12. Al’s Axiom # 231: “The church is never manifested in anything but human flesh”

  13. Ronald,

    I love what you said, “Our choice is not to focus on the narrow, but to narrow our focus.” It’s definitely got me thinking, sorry I mean refocusing.

  14. I am being encouraged greatly in Christ through these podcasts. Thanks guys!

    Paul’s post finds the ‘continuous cackling laughter’ off putting, and while I appreciate there is a time for this and the to and fro bantering, I have to agree that at other times, Brad your laughter seems to be inappropriate. It’s one thing to hear you laughing about funny stuff, but I wonder why you laugh at serious issues? if you were sitting with someone who is hurting, and they asked you what they should do about a vexatious person who is causing them grief, would you burst out laughing? I don’t quite get why you laugh at so many of Wayne’s answers, which to me are simply not funny, but healing.
    I imagine you are a guy that laughs a lot and is fun to be with, but maybe you could be a little more sensitive to the ‘person’ asking the questions, and the people who are going through a lot of angst.
    After all, you are on the ‘other side’ of the journey and just maybe many of your listeners are not in the ‘time to laugh’ season. I am absolutely sure you don’t mean to mock and be insensitive, but I feel you can come across that way occassionally.
    I recommend your podcasts to friends, but I do always ‘warn’ them to ignore the bantering and listen for the wonderful, life giving message.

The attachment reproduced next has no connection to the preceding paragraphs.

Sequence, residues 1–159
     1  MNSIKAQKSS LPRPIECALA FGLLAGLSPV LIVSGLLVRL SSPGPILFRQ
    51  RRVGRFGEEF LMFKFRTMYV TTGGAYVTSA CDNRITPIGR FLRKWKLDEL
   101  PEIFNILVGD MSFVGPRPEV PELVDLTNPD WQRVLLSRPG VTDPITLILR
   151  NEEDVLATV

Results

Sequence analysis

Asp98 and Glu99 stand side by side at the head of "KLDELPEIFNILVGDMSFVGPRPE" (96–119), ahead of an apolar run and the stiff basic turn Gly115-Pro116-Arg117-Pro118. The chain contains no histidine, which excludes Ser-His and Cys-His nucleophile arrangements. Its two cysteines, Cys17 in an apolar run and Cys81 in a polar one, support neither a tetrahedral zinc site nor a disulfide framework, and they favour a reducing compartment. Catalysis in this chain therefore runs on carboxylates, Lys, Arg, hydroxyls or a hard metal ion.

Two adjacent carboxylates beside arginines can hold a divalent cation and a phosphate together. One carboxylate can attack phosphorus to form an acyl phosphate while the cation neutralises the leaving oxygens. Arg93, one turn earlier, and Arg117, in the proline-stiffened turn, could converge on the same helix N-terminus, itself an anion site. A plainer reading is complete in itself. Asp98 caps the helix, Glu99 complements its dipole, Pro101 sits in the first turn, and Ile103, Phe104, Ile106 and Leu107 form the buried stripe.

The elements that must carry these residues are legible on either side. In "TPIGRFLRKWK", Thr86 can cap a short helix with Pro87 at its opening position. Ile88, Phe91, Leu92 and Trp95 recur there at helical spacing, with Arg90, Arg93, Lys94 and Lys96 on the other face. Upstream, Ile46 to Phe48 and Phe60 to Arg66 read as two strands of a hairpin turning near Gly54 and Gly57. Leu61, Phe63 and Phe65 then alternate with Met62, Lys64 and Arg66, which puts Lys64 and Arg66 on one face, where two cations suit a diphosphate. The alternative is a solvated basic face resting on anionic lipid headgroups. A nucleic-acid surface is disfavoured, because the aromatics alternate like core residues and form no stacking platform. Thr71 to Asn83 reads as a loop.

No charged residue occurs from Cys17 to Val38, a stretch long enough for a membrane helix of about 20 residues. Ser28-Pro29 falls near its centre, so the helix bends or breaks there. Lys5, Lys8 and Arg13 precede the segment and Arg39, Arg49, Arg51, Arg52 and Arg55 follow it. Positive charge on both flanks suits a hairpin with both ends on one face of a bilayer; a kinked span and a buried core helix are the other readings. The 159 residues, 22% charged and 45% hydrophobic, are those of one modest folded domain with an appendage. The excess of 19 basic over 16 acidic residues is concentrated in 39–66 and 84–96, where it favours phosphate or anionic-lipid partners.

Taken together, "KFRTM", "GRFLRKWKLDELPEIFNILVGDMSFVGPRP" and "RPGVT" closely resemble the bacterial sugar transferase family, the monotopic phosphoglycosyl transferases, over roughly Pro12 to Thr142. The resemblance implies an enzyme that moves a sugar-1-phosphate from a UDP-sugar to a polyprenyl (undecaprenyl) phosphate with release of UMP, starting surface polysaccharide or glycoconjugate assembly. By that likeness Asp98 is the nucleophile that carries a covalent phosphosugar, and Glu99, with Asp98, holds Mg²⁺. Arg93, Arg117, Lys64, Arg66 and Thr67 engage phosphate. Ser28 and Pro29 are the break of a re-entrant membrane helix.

15. Regarding the art of cackling, I am reminded of the famous proverb: It takes a big man to cry, but it takes an even bigger man to laugh at that man crying (Jack Handy). Apologize if I have inserted one too many cackles into the blog.

  16. “It is easier to stay out than to get out”. – Mark Twain Read this after the podcast and snickered, as a former minister (22yr)

  17. ” a bunch of people in a building does not a church make..” 🙂 Love the fresh Brad Cumming-isms! That one gave ma a satisfying chuckle!

  18. Shame on you, Wayne!!! Trashing that book for children was really inconsiderate. You have years of experience as a pastor whereas children learning the Bible need to start somewhere. I have taught Sunday School for 25 years and worked with children professionally for . Only in the past three years have I left organized religion. I cannot impose my views on my grandchildren until they have learned enough about the Bible. When they are of an age to form their own opinions then we can discuss “So you don’t want to go to Church anymore.” But first they need to attend Sunday School to form a foundation.
    That little book is a great way for children to start learning as they can only think in concrete terms rather than in abstract idealogy like adults do. It is not child abuse to encourage chldren to learn about God. You need to show a liitle more patience with children. If you told five year old children that they don’t need to go to church because God lives within them….they would be totally confused. My daughter and her family attend Church and she works at a Christian School yet I am walking along side them on their journey without pushing my ideals on them. Patience Wayne…patience. God will show them the way when they are ready.


    Ann Calder:)

  19. Listening to this I realised how much I’ve missed Brad! You’ll have to make sure that Brad doesn’t stay away too long in future discussions. I’ve listened to Wayne and Brad’s discussions now for just over two years and I can honestly say that they’ve had a big, positive influence on my life – thank you!
    This was an awesome discussion, dealing a blow to the iron-clad taboo of church attendance and control. This is essential listening to anyone still struggling with the pressures of organised religion.

  20. My take on the “cackling” is that it comes from things that we cannot see and experience by simply listening to the podcast vs. being with Wayne and Brad in person. I’m thinking there’s some body language and facial expressions going on that elicits the laughter. Also, Wayne and Brad have history with one another and I would imagine that at times they anticipate what the other one is thinking and going to say. It’s like listening in on a private conversation and not being privy to all the nuances.